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    1. I'm pretty close to how you handle things Mike! I keep wanting to keep track of the time like EGG told us years ago but I'm fairly convinced that the man just had an infinite capacity for keeping all that information that goes beyond the normal human understanding.

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  8. I've had issues with time for years because my players just never cared. In the last game I played (the one where I was a magnificent bastard), I just about cried as our sessions covered progressively less time... first a couple days, then a day, then just a night, then a few hours, then a few minutes... and finally ranted at the players until we got two weeks in-game to just relax and do stuff.

    I have this idea I've been toying with about making time a commodity/resource.

    Some effects in the game will require "time" to complete, but the only way for time to pass is for the PCs to "pay" for it. Basically taking the work of tracking time and putting it in the players' hands.

    So when they've been worn down to the nibs, and they're begging for the opportunity to rest you can wave the Wandering Monster chart under their nose until they cry uncle and someone ponies up for the chance to rest.

    It's still in really early stages of development so I have no idea if it'll be playable in the foreseeable future. :/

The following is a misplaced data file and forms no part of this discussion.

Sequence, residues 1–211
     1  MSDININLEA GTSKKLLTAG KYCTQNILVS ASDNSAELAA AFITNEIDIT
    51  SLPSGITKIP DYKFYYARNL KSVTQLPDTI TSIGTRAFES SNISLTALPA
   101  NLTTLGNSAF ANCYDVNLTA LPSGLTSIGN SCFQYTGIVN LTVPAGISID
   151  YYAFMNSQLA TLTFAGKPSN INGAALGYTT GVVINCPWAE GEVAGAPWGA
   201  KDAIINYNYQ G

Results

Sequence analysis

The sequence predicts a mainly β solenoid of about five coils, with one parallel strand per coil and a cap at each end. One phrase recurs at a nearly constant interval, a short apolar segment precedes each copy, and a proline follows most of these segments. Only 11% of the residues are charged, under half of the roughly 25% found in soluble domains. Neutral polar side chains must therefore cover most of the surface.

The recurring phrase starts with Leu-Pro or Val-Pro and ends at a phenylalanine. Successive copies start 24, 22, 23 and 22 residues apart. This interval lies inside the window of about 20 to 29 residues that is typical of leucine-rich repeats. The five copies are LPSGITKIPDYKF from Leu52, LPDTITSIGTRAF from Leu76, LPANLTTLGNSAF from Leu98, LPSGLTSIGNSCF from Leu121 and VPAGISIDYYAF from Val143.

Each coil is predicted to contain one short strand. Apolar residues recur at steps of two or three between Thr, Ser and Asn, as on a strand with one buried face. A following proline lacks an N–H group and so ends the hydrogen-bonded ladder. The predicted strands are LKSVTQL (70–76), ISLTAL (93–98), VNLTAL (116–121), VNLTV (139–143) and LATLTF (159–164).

--Dither

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  9. I was about to say that this sort of stuff is DM 101, and suggest that everyone read the sections of their PHB and DMG that discuss time and timekeeping. Then I realized that neither the 3.5E nor Pathfinder rulebooks have any such sections, and I began to understand the depth of the problem. Shame on you WotC. Shame on you Paizo. Thanks to the gaping holes in your core rulebooks, a whole generation of gamers lacks an understanding of basic timekeeping in the game and why it matters.

    So, this stuff used to be DM 101. If you can find copies, read the sections in the AD&D 1E or 2E PHB & DMG about time in the game and how to keep track of it. They aren't anything amazing, but at least they explain the different scales of time passage in the game, what things happen in each kind of time and some of the things you should track.

    You probably already have an intuitive grasp of much of this, but if you never developed the habits of actually doing it, your games will suffer. And that is what I'm seeing in most of these comments & questions.